Let’s talk about the opening of your novel. Very few agents or editors will even read beyond the first page, first five pages tops. If your opening doesn’t grab them, you are paper toast. In those first five pages, you have to establish a hook, introduce a protagonist, highlight the main story problem, and establish the story’s setting, genre, and tone. And of course, not neglect your job of entertaining the reader. Page turns. You need page turns (or finger swooshes for all you e-readers out there).
Jane has critiqued thousands of first pages and offers a superabundance of advice for compelling openings and killer characterization. She also did this really cool thing where she tweeted a stream of tips for opening pages. Score!
My top 10 favourite tweeted tips from Jane’s First-Five Critiques:
- Don’t start stories that start in the conditional perfect. Just get to the REAL world, please!
- Avoid dialogue that offers mini-biographies of people (to fill reader in on back story).
- Avoid story openings w/characters asleep or waking up. Almost as annoying: Openings w/characters watching other characters sleep.
- Most difficult part of 1st page critiques: Many writers have not found rhythm yet. Best way to illustrate, click here.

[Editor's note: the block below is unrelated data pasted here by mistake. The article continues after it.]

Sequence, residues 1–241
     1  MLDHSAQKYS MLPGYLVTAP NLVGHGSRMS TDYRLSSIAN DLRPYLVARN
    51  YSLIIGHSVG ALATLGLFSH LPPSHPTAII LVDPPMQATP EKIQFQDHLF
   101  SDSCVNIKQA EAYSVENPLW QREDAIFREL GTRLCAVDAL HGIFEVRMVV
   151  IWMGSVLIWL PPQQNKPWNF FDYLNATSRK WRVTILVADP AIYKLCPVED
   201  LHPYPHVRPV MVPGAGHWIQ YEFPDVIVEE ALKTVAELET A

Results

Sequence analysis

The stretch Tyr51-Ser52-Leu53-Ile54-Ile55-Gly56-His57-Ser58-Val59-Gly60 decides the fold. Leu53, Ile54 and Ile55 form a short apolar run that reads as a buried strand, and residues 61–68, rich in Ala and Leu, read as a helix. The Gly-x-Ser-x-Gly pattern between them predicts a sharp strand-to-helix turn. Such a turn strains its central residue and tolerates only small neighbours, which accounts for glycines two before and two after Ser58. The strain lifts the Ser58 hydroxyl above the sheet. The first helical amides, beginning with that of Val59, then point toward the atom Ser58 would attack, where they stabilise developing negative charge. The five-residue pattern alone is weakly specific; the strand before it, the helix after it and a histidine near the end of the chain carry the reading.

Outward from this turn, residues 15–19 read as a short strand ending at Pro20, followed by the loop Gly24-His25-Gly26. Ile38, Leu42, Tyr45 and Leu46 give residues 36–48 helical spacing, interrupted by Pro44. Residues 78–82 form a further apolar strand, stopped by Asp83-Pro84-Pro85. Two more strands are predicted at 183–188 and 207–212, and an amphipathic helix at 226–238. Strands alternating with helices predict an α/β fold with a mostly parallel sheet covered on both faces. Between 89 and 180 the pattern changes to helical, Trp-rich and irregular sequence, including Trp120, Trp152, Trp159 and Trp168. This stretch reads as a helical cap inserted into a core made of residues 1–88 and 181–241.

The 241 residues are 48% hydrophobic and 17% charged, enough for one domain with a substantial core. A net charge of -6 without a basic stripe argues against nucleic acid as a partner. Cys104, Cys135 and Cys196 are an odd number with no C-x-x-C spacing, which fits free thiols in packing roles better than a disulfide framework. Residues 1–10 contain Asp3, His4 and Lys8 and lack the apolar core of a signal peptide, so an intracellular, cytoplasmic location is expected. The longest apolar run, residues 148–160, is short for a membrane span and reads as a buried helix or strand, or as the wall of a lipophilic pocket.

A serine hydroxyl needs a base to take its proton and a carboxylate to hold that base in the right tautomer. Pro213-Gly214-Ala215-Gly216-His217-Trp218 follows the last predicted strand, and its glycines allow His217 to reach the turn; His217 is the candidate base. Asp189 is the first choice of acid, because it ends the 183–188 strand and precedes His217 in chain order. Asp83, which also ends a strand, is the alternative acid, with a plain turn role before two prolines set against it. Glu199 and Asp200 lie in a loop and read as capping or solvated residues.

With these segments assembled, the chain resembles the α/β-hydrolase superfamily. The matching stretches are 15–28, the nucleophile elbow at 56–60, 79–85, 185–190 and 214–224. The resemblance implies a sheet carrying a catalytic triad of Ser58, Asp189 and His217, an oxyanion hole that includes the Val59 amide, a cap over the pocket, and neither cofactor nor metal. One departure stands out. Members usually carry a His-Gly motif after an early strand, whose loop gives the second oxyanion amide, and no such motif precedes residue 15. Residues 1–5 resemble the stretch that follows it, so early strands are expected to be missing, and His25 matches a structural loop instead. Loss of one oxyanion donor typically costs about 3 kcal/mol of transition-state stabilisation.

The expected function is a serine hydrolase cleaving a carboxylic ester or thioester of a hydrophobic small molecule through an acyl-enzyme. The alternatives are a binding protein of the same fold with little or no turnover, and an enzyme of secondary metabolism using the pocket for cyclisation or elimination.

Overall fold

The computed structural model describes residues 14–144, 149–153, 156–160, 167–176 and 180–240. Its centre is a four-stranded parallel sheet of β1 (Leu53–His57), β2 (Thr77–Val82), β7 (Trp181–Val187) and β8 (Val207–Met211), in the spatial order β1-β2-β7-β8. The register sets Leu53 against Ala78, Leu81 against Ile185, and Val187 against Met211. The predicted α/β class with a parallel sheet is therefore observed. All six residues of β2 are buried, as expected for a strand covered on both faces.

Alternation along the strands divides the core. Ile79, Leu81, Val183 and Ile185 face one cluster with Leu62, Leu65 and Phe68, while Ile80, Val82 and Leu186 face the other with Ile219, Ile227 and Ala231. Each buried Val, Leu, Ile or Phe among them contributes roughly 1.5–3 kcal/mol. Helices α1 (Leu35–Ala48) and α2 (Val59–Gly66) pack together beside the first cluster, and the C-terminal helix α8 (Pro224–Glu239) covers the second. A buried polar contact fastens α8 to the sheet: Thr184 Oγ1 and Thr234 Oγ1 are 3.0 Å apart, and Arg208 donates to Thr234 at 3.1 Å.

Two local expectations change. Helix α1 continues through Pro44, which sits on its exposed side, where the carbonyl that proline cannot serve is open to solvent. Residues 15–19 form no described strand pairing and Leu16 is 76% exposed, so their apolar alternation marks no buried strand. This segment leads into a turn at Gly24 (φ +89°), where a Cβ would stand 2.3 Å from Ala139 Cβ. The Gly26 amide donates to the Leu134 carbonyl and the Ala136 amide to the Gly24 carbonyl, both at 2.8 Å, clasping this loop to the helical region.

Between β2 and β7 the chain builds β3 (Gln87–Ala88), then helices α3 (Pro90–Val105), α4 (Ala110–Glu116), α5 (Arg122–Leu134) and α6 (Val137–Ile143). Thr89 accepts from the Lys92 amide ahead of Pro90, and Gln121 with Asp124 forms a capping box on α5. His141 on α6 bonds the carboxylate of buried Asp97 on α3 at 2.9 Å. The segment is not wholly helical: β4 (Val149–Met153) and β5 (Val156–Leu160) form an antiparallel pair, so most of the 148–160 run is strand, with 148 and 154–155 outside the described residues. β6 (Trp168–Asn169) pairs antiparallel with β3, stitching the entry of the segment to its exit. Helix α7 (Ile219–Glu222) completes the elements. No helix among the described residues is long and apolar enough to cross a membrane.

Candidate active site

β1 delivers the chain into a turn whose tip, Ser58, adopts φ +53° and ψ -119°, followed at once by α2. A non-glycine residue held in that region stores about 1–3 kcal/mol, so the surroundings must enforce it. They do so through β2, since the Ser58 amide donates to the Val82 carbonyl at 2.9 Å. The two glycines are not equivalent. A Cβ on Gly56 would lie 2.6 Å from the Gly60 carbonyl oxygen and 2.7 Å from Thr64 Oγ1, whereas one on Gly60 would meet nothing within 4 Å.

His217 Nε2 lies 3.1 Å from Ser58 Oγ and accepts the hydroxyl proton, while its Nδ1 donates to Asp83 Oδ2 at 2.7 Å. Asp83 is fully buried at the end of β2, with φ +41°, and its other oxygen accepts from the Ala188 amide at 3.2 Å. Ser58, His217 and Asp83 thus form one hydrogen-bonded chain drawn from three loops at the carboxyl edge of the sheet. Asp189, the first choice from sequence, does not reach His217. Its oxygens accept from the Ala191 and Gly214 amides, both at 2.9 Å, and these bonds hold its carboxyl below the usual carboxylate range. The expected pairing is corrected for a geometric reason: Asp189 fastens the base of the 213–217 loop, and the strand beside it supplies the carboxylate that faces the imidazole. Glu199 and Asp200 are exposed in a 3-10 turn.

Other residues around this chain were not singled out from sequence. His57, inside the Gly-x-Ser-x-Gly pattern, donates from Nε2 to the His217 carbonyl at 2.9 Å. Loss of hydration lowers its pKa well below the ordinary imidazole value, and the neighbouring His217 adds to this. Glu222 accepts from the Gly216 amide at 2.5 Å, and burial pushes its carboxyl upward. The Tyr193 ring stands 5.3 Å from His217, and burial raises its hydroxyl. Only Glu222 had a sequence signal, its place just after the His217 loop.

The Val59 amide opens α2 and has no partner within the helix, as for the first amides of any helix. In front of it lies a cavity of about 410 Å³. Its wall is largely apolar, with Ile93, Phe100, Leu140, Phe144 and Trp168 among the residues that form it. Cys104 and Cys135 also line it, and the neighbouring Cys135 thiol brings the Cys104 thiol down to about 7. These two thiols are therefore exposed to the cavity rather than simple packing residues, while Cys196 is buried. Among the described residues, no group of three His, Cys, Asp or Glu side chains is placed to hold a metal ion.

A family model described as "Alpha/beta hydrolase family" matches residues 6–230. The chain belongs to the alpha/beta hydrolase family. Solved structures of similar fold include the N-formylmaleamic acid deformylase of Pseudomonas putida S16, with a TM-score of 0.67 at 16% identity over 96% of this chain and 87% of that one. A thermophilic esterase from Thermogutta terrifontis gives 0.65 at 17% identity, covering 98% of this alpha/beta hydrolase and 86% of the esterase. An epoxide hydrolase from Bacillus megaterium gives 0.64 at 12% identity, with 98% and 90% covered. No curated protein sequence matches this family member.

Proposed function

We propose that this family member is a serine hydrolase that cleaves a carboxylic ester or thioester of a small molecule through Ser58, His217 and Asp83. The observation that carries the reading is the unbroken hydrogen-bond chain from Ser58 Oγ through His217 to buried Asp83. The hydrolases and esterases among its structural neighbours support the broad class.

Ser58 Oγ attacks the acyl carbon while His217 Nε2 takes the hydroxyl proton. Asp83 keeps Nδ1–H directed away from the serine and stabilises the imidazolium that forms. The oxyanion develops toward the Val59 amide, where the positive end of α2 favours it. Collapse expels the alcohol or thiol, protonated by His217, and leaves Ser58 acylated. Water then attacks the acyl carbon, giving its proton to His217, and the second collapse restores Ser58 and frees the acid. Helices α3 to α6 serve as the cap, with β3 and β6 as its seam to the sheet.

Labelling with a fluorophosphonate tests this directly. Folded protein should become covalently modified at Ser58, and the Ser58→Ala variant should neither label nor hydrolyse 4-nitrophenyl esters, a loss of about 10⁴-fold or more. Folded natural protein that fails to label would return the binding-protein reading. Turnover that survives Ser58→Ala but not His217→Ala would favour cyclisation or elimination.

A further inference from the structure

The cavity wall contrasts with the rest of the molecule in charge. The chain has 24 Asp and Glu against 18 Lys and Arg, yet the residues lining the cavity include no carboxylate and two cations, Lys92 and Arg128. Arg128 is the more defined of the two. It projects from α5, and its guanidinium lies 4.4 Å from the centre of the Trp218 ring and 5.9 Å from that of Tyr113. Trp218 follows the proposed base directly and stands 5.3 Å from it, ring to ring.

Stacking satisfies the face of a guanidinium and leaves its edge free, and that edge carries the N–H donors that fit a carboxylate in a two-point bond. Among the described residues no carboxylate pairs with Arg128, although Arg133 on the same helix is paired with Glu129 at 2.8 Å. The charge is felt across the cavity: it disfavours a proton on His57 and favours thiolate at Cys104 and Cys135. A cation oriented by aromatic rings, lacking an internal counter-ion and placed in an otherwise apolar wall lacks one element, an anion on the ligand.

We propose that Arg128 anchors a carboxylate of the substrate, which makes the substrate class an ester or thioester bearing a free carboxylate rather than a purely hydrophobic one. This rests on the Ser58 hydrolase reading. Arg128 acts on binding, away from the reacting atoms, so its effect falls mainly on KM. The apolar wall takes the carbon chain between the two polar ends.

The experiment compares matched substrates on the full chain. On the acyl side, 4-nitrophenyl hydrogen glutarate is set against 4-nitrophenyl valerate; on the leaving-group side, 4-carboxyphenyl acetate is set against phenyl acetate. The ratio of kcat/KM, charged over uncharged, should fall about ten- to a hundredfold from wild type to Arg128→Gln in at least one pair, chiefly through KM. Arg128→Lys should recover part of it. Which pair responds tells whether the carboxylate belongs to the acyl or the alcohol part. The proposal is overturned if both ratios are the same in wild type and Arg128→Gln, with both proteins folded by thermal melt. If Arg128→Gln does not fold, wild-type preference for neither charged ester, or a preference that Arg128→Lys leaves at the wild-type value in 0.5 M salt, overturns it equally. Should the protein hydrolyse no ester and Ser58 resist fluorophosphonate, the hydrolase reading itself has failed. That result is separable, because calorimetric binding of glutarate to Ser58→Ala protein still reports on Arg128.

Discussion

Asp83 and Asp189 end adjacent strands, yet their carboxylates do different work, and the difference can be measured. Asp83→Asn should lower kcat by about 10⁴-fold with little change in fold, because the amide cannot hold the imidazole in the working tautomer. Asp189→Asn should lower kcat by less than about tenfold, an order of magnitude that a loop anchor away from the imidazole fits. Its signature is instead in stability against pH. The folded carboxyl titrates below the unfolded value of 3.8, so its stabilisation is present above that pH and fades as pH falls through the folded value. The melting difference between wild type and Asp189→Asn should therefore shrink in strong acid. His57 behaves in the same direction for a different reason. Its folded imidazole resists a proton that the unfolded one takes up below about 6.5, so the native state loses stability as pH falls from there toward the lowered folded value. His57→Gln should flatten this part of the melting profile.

- Problematic: Opening up w/character’s inner monologue, contemplating themselves/life. Are you as good as Dostoevsky?
- I love an opening that in 300 words can make me really fall in love with (or hate) a character. I’m hooked!
- I do not recommend you start your story w/character thinking, “This isn’t happening.” (This opening is in fact quite common!)
- Very tough: Starting your story w/dialogue & little/no indication of who is speaking or what context is. Readers get lost.
- Most writers overwrite. More detail/description, more explaining than needed. Even I do it. But you have to go back & cut cut cut!
- Least favorite opening: Description of perfect weather outside, w/character waking in bed, peering out window, thinking about day.
Follow Jane (@JaneFriedman) on Twitter.
Looking for additional resources?
Hooked: Write Fiction that Grabs the Reader at Page One, by Les Edgerton
“Now is the time to gather your guts, smile and let it rip.”
Time to go turn those first five pages into fireworks! Katy Perry would be proud.